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Am J Psychiatry. 2001 Jul;158(7):1099-104.

Male criminals with organic brain syndrome: two distinct types based on age at first arrest.

Author information

1
Department of Psychology, Emory University, Atlanta, GA 30322, USA. egrekin@emory.edu

Abstract

OBJECTIVE:

This study examined whether criminals with organic brain syndrome could be divided into two distinct types. The authors proposed that early starters (onset of criminal activity by age 18) would display a persistent, long-lasting pattern of deviance that was largely independent of their brain disorder, whereas late starters (onset at age 19 or after) would exhibit deviant behaviors that began late in life and were more directly related to their brain disorder.

METHOD:

Subjects were 1,130 male criminal offenders drawn from a birth cohort of all individuals born between January 1, 1944, and December 31, 1947, in Denmark. The main study group included all men with both a history of criminal arrest and a hospitalization for organic brain syndrome (N=565). In addition, for a subset of analyses, the authors examined a randomly selected, same-size comparison group of men with a history of criminal arrest who were not hospitalized for organic brain syndrome. Data were available on all arrests and all psychiatric hospitalizations for individuals in this cohort through the age of 44.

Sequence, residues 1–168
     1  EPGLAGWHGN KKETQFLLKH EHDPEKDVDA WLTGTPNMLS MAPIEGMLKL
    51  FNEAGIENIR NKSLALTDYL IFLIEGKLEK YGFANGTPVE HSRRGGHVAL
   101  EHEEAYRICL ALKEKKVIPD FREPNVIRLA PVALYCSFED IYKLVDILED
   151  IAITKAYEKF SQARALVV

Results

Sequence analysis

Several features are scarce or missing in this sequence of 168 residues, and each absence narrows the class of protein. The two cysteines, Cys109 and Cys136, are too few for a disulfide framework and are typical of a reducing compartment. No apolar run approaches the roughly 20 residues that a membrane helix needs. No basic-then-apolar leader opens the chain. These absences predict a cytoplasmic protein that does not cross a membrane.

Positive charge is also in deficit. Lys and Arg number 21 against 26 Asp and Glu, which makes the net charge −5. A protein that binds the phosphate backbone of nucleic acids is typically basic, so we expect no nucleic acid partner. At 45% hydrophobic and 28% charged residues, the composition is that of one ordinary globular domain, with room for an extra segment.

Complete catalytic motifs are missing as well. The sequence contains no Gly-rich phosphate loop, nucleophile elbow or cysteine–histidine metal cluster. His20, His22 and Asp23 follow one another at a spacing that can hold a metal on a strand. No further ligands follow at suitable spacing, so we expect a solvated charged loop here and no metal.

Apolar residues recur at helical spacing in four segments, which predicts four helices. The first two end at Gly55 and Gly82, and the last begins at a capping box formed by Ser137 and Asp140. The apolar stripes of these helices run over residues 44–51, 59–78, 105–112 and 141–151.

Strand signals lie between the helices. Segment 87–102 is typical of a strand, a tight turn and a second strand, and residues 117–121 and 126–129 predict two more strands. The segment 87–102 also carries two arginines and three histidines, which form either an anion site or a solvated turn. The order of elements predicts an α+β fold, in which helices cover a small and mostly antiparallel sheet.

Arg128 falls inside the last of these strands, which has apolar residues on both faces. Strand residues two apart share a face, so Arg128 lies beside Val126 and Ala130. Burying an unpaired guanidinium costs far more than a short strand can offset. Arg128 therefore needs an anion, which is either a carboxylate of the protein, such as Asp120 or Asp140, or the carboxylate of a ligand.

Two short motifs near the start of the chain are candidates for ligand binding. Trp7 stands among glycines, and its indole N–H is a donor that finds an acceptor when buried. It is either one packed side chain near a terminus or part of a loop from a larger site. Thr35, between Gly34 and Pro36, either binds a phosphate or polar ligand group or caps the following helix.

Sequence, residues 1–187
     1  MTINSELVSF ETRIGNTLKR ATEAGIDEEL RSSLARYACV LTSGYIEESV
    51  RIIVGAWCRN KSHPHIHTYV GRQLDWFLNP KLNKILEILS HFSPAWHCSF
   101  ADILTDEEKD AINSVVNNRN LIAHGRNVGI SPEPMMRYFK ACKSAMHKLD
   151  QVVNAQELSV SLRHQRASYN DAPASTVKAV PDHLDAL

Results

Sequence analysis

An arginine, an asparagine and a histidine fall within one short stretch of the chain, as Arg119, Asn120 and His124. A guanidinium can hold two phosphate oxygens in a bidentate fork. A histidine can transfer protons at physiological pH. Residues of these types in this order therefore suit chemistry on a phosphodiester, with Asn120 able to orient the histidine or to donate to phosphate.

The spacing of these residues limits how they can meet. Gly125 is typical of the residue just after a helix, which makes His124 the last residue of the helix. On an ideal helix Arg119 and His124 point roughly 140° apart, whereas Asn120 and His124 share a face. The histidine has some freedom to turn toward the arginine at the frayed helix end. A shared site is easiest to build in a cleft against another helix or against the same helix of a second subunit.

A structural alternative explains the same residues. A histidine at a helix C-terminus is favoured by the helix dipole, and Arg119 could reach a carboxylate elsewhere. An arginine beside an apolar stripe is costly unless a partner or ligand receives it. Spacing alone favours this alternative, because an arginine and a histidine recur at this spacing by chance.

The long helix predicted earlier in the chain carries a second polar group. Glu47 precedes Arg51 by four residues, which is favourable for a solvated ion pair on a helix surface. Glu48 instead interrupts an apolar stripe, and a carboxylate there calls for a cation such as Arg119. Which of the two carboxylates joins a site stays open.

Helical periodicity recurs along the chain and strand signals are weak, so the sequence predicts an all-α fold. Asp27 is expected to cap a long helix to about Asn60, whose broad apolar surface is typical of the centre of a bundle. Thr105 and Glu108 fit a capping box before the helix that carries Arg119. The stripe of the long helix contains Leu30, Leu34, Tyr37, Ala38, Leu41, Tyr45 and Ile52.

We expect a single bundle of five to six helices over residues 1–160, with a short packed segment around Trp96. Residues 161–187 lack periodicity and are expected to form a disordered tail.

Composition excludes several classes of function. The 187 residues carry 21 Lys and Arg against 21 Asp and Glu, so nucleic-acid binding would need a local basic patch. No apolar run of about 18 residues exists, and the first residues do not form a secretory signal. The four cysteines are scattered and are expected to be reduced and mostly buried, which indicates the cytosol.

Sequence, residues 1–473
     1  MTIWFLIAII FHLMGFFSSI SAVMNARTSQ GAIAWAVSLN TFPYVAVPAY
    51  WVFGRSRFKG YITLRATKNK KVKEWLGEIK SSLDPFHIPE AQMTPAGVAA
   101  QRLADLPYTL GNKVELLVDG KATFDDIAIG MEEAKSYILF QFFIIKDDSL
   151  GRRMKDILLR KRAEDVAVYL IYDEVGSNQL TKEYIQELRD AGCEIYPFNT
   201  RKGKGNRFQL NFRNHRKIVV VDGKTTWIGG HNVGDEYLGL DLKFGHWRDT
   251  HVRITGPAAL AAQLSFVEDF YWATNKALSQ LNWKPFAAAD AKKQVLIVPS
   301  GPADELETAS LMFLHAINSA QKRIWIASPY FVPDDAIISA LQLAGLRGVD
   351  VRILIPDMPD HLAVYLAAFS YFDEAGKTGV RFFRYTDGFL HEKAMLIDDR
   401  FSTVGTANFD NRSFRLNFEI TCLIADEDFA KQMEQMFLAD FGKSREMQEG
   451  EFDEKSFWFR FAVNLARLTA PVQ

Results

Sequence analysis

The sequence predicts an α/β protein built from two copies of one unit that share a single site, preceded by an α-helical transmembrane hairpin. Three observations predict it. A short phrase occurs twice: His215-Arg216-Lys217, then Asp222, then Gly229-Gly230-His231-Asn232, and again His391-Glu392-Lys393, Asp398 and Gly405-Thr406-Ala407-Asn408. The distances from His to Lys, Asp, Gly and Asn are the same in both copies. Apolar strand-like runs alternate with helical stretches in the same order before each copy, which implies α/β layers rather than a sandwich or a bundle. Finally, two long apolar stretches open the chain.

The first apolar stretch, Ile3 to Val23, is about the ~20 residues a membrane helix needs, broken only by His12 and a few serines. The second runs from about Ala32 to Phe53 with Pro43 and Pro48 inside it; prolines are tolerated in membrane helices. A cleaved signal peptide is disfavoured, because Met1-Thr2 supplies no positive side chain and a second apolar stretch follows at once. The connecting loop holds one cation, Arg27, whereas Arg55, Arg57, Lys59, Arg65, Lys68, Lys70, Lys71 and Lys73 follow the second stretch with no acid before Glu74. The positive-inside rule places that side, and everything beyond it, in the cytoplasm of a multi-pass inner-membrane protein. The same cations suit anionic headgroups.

RESULTS:

Among those with organic brain syndrome, early starters were significantly more likely than late starters to 1) be arrested before the onset of organic brain syndrome, 2) show a higher rate of offending before but not after the onset of organic brain syndrome, 3) be both recidivists and violent recidivists, and 4) have a diagnosis of antisocial personality disorder.

CONCLUSIONS:

Male criminals with organic brain syndrome can be meaningfully divided into two distinct types on the basis of age at first arrest. Early starters show a more global, persistent, and stable pattern of offending than late starters. These results have implications for treatment and risk assessment.

PMID:
11431232
DOI:
10.1176/appi.ajp.158.7.1099
[Indexed for MEDLINE]

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